After getting off to a rocky start in early 2018, The Habit Restaurants Inc. closed the year with strong revenue growth driven by the introduction of more unique LTOs, the launch of delivery and growth of drive-thru locations.
CEO Russ Bendel said The Habit Burger Grill chain pivoted last year to emphasizing initiatives that bring convenience and value to customers amid the on-demand economy. Adding craveable limited-time menu items such as a French onion Charburger and Sriracha-lime green beans (below) also drove sales in 2018.
“We pride ourselves in blocking and tackling and executing,” Bendel said during a Thursday afternoon conference call with investors.
But the Irvine, Calif.-based company said labor headwinds and third-party delivery fees remain challenging.
Bendel said he’s happy with delivery but it is not “as incremental as the third-party aggregators tell you they are.”
Still, he said delivery is “part of doing business” and the company will expand its partnerships with DoorDash and Postmates by the end of the first quarter.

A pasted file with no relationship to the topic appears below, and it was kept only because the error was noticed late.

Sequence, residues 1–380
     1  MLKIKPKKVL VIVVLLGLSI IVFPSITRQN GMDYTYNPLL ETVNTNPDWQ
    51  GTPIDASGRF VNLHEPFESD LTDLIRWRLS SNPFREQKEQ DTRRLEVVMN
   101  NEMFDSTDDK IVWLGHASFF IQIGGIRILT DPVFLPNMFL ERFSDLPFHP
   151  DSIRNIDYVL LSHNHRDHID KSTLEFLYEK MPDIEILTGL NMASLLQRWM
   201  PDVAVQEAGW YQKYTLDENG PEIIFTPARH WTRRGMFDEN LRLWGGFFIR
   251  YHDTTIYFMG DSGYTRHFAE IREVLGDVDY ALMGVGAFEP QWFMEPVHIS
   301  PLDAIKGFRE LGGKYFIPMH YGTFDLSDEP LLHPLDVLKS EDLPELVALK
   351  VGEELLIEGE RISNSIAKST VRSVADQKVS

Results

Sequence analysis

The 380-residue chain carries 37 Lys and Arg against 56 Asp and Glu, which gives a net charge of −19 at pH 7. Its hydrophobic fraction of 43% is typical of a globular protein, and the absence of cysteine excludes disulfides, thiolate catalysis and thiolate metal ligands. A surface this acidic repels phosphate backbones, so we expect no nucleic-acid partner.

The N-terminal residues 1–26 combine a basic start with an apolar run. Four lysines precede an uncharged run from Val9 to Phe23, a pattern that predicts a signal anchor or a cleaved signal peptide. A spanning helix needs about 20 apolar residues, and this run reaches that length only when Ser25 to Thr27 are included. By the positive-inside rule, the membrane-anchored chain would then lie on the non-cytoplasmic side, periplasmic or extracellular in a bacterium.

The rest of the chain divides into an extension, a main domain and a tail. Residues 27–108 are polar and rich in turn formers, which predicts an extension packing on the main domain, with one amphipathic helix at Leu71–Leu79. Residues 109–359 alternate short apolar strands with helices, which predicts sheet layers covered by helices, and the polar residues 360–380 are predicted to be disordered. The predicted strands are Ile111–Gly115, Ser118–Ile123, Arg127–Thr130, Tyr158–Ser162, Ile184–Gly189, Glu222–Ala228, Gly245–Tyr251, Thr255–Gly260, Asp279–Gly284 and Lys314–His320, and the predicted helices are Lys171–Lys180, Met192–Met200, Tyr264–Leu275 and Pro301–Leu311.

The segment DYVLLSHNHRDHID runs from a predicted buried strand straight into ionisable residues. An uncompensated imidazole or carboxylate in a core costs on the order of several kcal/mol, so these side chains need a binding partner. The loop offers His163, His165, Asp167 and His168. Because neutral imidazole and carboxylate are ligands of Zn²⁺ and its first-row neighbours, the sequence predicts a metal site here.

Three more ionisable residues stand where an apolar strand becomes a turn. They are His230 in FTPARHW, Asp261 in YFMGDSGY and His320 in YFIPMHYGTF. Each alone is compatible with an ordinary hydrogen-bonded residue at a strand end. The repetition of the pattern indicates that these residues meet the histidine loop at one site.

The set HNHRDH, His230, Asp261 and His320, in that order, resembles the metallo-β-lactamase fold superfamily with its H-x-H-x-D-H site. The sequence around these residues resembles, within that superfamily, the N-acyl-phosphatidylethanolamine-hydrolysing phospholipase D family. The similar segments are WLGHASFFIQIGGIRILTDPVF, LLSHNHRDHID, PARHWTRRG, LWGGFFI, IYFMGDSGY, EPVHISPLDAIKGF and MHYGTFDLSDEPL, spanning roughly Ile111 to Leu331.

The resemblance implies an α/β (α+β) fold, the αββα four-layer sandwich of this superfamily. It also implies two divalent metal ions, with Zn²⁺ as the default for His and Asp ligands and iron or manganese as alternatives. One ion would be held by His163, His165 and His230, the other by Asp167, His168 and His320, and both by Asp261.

In 2019, stepping up drive-thru locations also will be part of the brand’s convenience strategy. Last year, the fast-casual chain opened 14 drive-thru locations, bringing the total to 35 of its 247 restaurants.
The company is also testing new store layouts that add efficiencies to operations, which is important to offset labor pressures, Bendel said.
Led by newly appointed chief brand officer Iwona Alter, who previously worked at Jack in the Box, the Habit also plans to step up digital marketing in 2019. That includes reaching more customers through social media and its mobile app.
The company said it will expand a test of its app, which allows for order and pickup, to San Diego, Sacramento and Utah. The app will roll out systemwide in the third quarter, Bendel said.
In fiscal 2018, company same-stores sales increased 1.5%, compared to a decline of 0.1% in 2017. The growth was driven, in part, by a nearly 4% increase in menu prices taken in May which came as the company saw a 3% drop in traffic.
Later this year, the company expects to raise prices again by as much as 4 percent. Bendel said he wasn’t concerned about backlash because the company’s $9 average check remains a good value among better burger concepts.
“We are not being any more aggressive [on price] than anyone else,” Bendel said.
For the fourth quarter, ended Dec. 25, 2018, revenue increased 21% to $102.7 million, compared with $84.8 million in the same period a year earlier. Same-store sales at company stores increased 2.4%, compared to a 1% decline in the same quarter of 2017. Net income was $0.7 million, or 3 cents per share, compared to a net loss of $6.4 million, or 31 cents per share, in the fourth quarter of 2017.
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